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Otoroku label round-up (Decoy with Joe McPhee / Otomo Yoshihide, Sachiko M, Evan Parker, Tony Marsh, John Edwards and John Butcher / Brötzmann, Adasiewicz, Edwards and Noble)

Michael Rodham-Heaps tackles a trio of recorded documents from London’s Café Oto released for wider consumption on the ever-expanding Otoroku label…

Decoy with Joe McPheeSpontaneous Combustion

Decoy with Joe McPhee - Spontaneous CombustionThis one grabs my attention first, the gritty screen-printed abstracts go well with first half of this tasty double, recorded back in twenty eleven. It’s a fragmented fermentation, loose dot-joining limbs avoiding the unusual scuffle cuffs jazzy improv seems to gravitate to. Little strangulations of trumpet here a there, weird auras of percussions taking the ear, then sliding back out on tantalisations on venting, pursed lips.

The Hammond trickling in the background, then foreground chasing. The trumpet crawling over it, full of bicycle bell and cymbal dopplegangers, everything surging in unsteady curving

Continue reading Otoroku label round-up (Decoy with Joe McPhee / Otomo Yoshihide, Sachiko M, Evan Parker, Tony Marsh, John Edwards and John Butcher / Brötzmann, Adasiewicz, Edwards and Noble) […]

John Butcher – Bell Trove Spools/John Butcher, Derek Bailey & Gino Robair – Scrutables/John Butcher & Rhodri Davies – Carliol

I have a deal with a mate that if either of us ever manage to shout out ‘Baker Street!’ in the middle of a John Butcher performance, that person will receive a crisp £10 note and a hearty pat on the back. The irony being that, even if either of us weren’t excessively polite gig-goers, we’d still have problems remembering how to speak. Butcher’s entirely one of the most compelling performers doing the rounds at the moment, and is very much well worth catching if he’s visiting your locale.

So a couple of caveats: first, some free improv is a bastard to write about so if this goes a bit purple prose, blame the music. ALWAYS blame the music for the writer’s downfall; secondly, most people who are familiar with the scene are well aware of Butcher – he’s probably the most well-known, well-respected of the second-wave of free improvisers.

Continue reading John Butcher – Bell Trove Spools/John Butcher, Derek Bailey & Gino Robair – Scrutables/John Butcher & Rhodri Davies – Carliol […]

Toshimaru Nakamura and John Butcher – Dusted Machinery

Monotype

Toshimaru Nakamura & John Butcher - Dusted MachineryA couple of years ago a friend took me to Café Oto to see Londoners John Butcher and John Edwards teaming up with US guitarist Elliot Sharp. Not knowing what to expect, I was amazed by the gig, especially learning that Sharp never met the two others before, not to mention never played with them. This ended up being one of the best improv gigs I had seen for years. The interplay and attitude towards the music and each other was some of the things that moved me the most, as I recall. Later it came as no surprise having learned that Butcher has been very much sought after as a session musician or collaborator.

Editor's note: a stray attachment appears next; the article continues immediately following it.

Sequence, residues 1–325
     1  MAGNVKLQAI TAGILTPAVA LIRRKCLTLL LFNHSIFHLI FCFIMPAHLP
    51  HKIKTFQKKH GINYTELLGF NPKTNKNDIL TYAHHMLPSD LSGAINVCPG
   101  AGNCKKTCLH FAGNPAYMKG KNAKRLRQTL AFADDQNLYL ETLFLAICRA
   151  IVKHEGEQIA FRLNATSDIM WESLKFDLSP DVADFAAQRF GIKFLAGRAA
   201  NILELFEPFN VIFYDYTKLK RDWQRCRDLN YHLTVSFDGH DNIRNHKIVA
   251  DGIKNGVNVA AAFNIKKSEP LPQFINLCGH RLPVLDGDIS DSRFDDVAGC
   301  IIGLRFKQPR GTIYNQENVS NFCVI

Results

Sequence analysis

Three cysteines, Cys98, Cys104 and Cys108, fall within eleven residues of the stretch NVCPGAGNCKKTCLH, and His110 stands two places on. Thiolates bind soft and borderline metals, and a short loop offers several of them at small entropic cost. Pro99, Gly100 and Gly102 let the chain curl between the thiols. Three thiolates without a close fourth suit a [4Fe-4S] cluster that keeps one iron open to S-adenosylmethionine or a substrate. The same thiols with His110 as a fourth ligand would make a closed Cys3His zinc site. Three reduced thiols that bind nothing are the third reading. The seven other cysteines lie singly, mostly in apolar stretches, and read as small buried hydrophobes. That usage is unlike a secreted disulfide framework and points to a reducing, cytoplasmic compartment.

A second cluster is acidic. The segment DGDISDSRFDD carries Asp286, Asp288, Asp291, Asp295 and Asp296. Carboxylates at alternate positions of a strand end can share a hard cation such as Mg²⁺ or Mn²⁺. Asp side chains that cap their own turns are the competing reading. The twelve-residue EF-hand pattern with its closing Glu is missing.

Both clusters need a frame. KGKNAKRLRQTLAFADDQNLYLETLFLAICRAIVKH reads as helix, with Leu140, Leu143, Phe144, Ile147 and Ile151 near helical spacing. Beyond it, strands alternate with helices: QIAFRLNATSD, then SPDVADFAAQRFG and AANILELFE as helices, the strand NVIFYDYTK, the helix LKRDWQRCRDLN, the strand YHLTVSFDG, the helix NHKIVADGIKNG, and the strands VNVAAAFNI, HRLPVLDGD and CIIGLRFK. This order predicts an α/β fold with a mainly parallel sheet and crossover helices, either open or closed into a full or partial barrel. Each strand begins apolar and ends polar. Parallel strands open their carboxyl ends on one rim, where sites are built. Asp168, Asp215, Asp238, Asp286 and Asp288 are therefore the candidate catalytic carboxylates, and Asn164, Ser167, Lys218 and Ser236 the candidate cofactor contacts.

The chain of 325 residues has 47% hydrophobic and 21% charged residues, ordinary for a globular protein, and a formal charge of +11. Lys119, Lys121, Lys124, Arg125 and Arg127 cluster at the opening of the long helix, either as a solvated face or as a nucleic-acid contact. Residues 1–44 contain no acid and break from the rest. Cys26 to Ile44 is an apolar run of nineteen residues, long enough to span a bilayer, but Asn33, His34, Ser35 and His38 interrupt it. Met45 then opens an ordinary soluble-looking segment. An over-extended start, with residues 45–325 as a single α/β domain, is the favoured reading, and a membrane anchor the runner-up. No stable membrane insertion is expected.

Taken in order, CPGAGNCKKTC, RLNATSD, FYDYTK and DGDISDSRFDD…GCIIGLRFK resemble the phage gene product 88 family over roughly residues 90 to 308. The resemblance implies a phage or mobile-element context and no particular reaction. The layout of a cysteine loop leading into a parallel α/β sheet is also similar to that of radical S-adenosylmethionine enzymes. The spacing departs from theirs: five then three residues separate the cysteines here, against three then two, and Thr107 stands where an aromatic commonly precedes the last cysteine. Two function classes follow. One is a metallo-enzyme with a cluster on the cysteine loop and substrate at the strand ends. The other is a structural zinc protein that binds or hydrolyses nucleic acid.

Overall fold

So getting a

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Fushitsusha/John Butcher/Temperatures (live at St John at Hackney)

London. 5 October 2012

Keiji Haino’s trademark wall-of-guitar noise, with its many layers and overtones, often puts me in mind of church organ music at its loudest and most resonant. so this mightily atmospheric and imposing place of worship felt like an oddly appropriate setting for his fabled power trio Fushitsusha’s headline slot at this triple bill.

First up were Temperatures, a bass/drums duo who took your jaded been-there-heard-that correspondents by complete surprise. Put simply: they don’t sound much like anything else, rather they seem to occupy some ruptured gap between genres, and they are brilliant. Astonishing fluid polyrhythms topped off with chanted underwater vocals, locked tight in a shambolic shudder, grounded with precision bass kicks. The best new band either of us have seen in a very long

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An Audience with Mark Sanders

Mark sanders (Photo: Andrew Putler)Mark Sanders has been a professional drummer for almost thirty years. His diversity is unmatched, running the gamut between jazz, free improvisation, pop, avant-rock, modern classical, dance, new complexity, dub and folk. He’s one of the few free improvisers who integrates the learning that he accumulates from these broad activities: most improvising musicians’ approach rarely synthesises or overlaps their sets of experience from other styles. You would be hard pressed to find musicians currently working within free improvisation who he hasn’t worked with.

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